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This an article that covers the main themes of Taun N. Toay’s “Trumponomics” Lecture which includes his insights on polling, the working class, the appeal of Trump, the economic effect of his policies and his view on the resistance. Then the article continues with my personal experience of an anti-Trump protest that I attended and my reflections about what this type of dissent means.

Trumponomics lecture poster (Credit: Bard College Berlin)

Trumponomics lecture poster (Credit: Bard College Berlin)

On the 2nd of February, in the times of pre-judicial halts of Donald Trump’s Muslim Ban Executive Order, the students and faculty of Bard College Berlin had the pleasure (and discomfort) of listening to Taun N. Toay’s lecture “Trumponomics: How the United States Accepted Authoritarian Populism”. Taun N. Toay is the Annandale-based Managing Director of Bard College Berlin and of the Levy Economics Institute at Bard College. Armed with his economic background, Toay aimed to give a crowd of concerned U.S. and non-U.S. citizens an economics-centered explanation of this political phenomenon that most of us mention at least once a day now, because, honestly, how can we not?

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Poster for the 2015 conference of the Institute for New Economic Thinking, Paris

Poster for the 2015 conference of the Institute for New Economic Thinking, Paris

A spectre is haunting economics – or maybe several even. Which ones exactly––the field is not quite agreed on, but it seems to have reached the conclusion that, really, it can’t go on like this. New approaches are called for, new ideas are sought after. To this end, the Institute for New Economic Thinking (INET), founded and funded primarily by star investor, philanthropist, and Karl Popper student George Soros, gathered an impressive array of leading economists for a four-day conference with the title “Liberté, Egalité, Fragilité” to debate the future of the field in Paris in early April. Present were, among others, the two Nobel Prize laureates Joseph Stiglitz and James Heckman, rising star Thomas Piketty, neo-classicists (roughly, “right-wing economists”) like Hans-Werner Sinn, erratic Marxists like the Greek Minister of Finance Yanis Varoufakis, and, last but not least, Bard College Berlin’s own Dirk Ehnts, all joined by a range of scholars from outside the field, like neuroscientist Antonio Damasio or Goethe biographer Nicholas Boyle.

Curious to see where the discipline that defines so much of public life is heading today, I went to catch some of the talks. The concerns raised were sometimes timeless–how should economists think about human beings?–and sometimes very timely, for example in discussions of inequality or the current crisis in Greece. Below is a selection of panels to give you a glimpse of some of the problems that economists think about these days when they turn to the very edge – or core, depending on how you see it – of their discipline.

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Parliamentary State Secretary at the German Federal Ministry of Finance Steffen Kampeter speaks at the conference (Photo: Timothy Fadek)

From November 26th to 27th, ECLA of Bard had the great opportunity to co-organize the annual Hyman P. Minsky Conference on Financial Instability together with the Levy Economics Institute of Bard College. Already at its 22nd edition, the conference was held at the Deutsche Bank in Berlin and had the topic of “Debt, Deficits, and Unstable Markets.”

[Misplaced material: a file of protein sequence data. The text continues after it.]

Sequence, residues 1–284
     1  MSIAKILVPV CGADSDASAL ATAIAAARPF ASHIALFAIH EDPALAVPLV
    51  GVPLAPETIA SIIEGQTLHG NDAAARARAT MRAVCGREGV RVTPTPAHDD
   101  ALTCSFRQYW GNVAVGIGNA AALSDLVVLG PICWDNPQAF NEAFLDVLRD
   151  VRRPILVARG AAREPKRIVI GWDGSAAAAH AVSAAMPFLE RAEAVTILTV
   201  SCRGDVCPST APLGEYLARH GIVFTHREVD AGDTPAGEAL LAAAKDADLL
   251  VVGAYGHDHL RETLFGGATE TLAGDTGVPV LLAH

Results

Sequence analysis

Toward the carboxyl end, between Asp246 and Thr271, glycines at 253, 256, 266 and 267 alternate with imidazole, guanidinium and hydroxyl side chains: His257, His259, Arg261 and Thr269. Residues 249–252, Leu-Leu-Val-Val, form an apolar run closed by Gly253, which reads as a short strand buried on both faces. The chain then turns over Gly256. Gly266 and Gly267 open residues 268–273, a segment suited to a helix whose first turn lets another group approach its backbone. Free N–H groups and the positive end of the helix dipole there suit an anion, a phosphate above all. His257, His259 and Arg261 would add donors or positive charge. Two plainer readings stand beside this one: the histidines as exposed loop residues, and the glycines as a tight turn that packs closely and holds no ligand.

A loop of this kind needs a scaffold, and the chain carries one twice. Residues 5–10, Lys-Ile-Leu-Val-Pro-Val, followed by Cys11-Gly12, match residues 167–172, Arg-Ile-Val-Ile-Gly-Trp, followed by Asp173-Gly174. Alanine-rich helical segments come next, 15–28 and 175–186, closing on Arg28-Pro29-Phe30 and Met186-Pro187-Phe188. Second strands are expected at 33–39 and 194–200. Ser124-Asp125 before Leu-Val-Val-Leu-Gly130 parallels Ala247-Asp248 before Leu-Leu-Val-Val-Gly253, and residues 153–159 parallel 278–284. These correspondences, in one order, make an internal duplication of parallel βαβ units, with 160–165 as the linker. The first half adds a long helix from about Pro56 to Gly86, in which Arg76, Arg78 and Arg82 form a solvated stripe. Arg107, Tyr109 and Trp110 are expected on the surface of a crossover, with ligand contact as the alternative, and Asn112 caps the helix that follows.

For two days, leading economists and policymakers from both sides of the Atlantic gathered to discuss recent economic developments, problems and possible solutions.

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ECLA Guest Lecture: David Colander on Economics and the Liberal Arts

David Colander

Colander began by pointing out that the goal of economics lies beyond textbook catch phrases such as optimization and efficient allocation of resources. Rather, it should be the creation of excellent decision-makers, who are instrumental not only in achieving society’s goals effectively through rigorous quantitative analysis, but also in defining these goals.

To do that, one needs broad understanding of the inter-relations between various disciplines, as well as big-picture thinking in the tradition of the liberal arts education. In this context, Colander criticized the tendency within the economic discipline – especially at graduate level – to shape specialists, who devote more time to deepening their understanding of a narrow niche, and less time to addressing those fundamental questions which can be answered differently, depending on different criteria; which have no definitive solutions but also tend to be the most interesting. This phenomenon, Colander explained, might be related to the incentives for professors to do research, given that more publications usually mean faster advancement in one’s career.

Colander said that although being a specialist does not preclude a broader trans-disciplinary grasp, it is nevertheless very challenging to strike the right balance between depth and breadth of knowledge (another version of this question is the allocation of time between a student’s major and so-called “general education” classes at liberal arts schools). In aid to this quest, Colander saw broader applications of technology in education, which might transform profoundly the way universities operate with the changes either imposed by the emergence of other competing models for education-provision, or internally driven by the institutions themselves.

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